Id. at 20 & 23.
In reaching her decision, Judge Preska expressly adopted the decision of Chief Judge Linda Reade of the U.S. District Court of the Northern District of Iowa in EEOC v. CRST Van Expedited, Inc. (previously blogged about here and here) who dismissed similar pattern or practice claims also based on EEOC’s failure to comply with its pre-suit conciliation obligations. Id. at 27. As Judge Preska aptly held, “Congress surely did not intend that employers, even ones whose workplaces might be rife with [sex discrimination] face the moving target of allegedly aggrieved persons that [Bloomberg] faced in both the administrative and legal phases of this dispute.” Id. Therefore, Judge Preska held that, “as in CRST, the EEOC’s actions – or more appropriately inaction “foreclosed any possibility that the parties might settle all or some of this dispute without the expense of a federal lawsuit as Title VII prefers.” Id. at 28.
Having found that the EEOC failed to satisfy its pre-suit obligations, Judge Preska rejected the EEOC’s argument that the “preferred remedy” – and the one should she order here – is a stay of the case to allow the EEOC to engage in settlement discussions with Bloomberg now – six years after it filed the lawsuit. Id. Judge Preska flatly rejected this “preferred” approach, finding that, “where, as here, the EEOC completely abdicates its role in the administrative process, the appropriate remedy is to bar the EEOC from seeking relief on behalf of the Non-Interveners at trial and dismiss the EEOC’s Complaint.” Id. In yet another “zinger” to the EEOC’s tactics, Judge Preska held:
The Court does not impose this severe sanction lightly and recognizes that certain of the Non-Intervenor claims may be meritorious but now will never see the inside of a courtroom. However, the Court finds that allowing the EEOC to revisit conciliation at this stage of the case—after shirking its pre-litigation investigation responsibilities and spurning Bloomberg’s offer of conciliation and instead engaging in extensive discovery to develop the Non-Intervenor claims—already has and would further prejudice Bloomberg. Moreover, if such a sanction were not imposed, the Court, in turn, would be sanctioning a course of action that promotes litigation in contravention of Title VII’s emphasis on voluntary proceedings and informal conciliation.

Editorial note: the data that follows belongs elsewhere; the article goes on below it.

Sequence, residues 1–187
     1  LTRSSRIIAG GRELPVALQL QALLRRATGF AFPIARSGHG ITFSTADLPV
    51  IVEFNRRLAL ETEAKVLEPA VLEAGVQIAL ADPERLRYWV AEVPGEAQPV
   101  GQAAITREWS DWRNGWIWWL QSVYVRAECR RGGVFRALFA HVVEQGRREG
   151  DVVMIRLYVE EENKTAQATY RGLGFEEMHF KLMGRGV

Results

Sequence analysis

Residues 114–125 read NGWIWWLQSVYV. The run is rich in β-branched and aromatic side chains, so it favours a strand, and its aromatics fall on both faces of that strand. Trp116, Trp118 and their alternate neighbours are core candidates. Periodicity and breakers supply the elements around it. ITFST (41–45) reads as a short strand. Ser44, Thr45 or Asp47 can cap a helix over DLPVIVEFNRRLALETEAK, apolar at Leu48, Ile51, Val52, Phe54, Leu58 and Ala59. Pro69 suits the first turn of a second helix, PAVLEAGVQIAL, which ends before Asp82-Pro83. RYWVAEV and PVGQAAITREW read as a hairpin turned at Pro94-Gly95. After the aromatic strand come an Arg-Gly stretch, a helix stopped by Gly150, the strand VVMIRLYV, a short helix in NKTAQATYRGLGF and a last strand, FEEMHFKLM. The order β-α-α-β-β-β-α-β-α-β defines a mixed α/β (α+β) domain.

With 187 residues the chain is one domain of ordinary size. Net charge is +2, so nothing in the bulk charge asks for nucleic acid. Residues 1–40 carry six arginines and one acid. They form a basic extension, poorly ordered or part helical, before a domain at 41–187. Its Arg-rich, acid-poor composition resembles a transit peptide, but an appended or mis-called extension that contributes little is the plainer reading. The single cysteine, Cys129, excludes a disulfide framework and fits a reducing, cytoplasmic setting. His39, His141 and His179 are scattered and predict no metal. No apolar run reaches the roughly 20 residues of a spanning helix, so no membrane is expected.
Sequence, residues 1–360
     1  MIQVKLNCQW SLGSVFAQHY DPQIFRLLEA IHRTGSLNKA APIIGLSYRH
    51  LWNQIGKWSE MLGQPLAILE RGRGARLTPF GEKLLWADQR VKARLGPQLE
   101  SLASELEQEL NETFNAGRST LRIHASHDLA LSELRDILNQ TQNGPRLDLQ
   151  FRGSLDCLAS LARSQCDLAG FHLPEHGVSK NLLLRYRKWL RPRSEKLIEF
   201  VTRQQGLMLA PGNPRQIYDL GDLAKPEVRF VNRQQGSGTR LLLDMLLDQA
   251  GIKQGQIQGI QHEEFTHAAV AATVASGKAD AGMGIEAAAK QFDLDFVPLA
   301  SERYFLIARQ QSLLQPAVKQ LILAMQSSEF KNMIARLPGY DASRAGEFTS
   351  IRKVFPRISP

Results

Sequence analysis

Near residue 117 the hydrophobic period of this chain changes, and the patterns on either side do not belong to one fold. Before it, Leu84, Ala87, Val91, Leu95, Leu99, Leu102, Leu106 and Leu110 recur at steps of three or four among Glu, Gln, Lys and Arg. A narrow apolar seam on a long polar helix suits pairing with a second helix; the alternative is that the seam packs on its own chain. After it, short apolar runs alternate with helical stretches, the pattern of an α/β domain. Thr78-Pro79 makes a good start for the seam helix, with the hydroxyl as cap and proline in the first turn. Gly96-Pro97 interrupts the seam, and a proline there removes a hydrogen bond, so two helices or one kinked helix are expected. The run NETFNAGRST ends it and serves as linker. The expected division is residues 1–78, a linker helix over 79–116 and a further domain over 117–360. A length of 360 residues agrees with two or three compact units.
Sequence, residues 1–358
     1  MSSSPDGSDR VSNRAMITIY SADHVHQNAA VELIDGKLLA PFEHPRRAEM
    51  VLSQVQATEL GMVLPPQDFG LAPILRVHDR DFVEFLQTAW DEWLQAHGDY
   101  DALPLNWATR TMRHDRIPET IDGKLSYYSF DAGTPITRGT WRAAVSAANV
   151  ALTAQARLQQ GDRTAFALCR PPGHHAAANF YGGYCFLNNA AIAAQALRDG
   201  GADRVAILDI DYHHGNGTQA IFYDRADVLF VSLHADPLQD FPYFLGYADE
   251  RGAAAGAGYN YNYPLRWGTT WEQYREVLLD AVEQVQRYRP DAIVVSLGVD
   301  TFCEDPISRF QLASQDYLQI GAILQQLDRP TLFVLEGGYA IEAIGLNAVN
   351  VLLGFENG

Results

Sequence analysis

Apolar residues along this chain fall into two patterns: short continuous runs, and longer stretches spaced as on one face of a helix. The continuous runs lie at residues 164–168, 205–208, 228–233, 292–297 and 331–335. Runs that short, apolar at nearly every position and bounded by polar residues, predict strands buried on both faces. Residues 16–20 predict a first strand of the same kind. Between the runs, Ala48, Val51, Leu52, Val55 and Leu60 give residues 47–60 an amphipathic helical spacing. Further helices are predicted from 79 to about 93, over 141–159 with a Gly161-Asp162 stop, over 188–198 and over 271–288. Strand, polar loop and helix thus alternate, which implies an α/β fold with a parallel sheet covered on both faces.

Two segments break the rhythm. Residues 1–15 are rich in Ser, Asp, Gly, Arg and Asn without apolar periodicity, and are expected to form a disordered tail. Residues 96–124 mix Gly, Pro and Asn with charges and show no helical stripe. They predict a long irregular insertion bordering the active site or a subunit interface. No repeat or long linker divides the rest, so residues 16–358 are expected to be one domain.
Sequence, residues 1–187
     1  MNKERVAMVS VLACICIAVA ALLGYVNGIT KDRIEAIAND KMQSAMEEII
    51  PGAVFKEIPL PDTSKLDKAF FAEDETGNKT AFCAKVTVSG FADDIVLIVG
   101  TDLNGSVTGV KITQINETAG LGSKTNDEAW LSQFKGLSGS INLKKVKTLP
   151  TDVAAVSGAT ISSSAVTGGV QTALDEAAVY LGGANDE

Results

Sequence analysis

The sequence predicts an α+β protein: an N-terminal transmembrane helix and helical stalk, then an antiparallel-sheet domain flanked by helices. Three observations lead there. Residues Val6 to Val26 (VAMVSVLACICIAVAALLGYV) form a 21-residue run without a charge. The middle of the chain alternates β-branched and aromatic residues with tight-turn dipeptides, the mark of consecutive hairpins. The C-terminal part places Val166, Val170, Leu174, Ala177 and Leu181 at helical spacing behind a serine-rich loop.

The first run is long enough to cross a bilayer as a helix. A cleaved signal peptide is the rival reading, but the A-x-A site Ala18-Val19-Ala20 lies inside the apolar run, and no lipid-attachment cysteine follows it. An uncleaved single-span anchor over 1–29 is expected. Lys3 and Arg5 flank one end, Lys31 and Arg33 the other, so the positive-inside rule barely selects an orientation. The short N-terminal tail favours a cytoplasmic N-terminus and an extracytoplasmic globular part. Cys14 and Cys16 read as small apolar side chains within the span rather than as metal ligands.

Id. at 29.
Given that she dismissed the EEOC’s claims on behalf of all twenty-nine non-intervener plaintiffs, Judge Preska granted leave for Bloomberg to file an application for its attorneys’ fees as it is the prevailing party. Id. at 30. Given the litigation tactics the EEOC engaged in during this six year old case, one can reasonably expect Bloomberg’s fee application to be a big one.
In Judge Preska’s “other” decision issued yesterday in this case, she also granted (in a whopping 181 page decision) Bloomberg summary judgment as to most all of the claims brought on behalf of the six intervening Plaintiffs. Judge Preska fully dismissed the claims of five of the six intervening plaintiffs, leaving just a portion of one of the intervener plaintiff’s discrimination claims with respect to her 2006 demotion and compensation decrease.
The sum total of Judge Preska’s two decisions, when combined with her prior rulings in this case, whittled down this once massive, high-profile pattern or practice pregnancy discrimination case in which the EEOC originally requested more than $6 million per Charging party during conciliation to a shell of its former self and a rather large bill from Bloomberg that the EEOC will have to “pick up.”
Implication For Employers
As we have previously blogged several times – most recently here and here – the EEOC is actively pursuing the position that courts have no authority to review its investigations or conciliations. This decision is a big win for Bloomberg as well as all employers who have been forced to deal with the EEOC’s “sue now, ask questions later” tactics and should provide a measure of relief to those employers engaging with the EEOC in attempting to not only understand the basis of charges brought against them, but also the foundation for the EEOC’s conciliation demands.
Given the scope of its defeat, and the expected magnitude of the fee award that may be entered against it based on Judge Preska’s ruling, we expect that the EEOC may challenge all (or part) of Judge Preska’s ruling.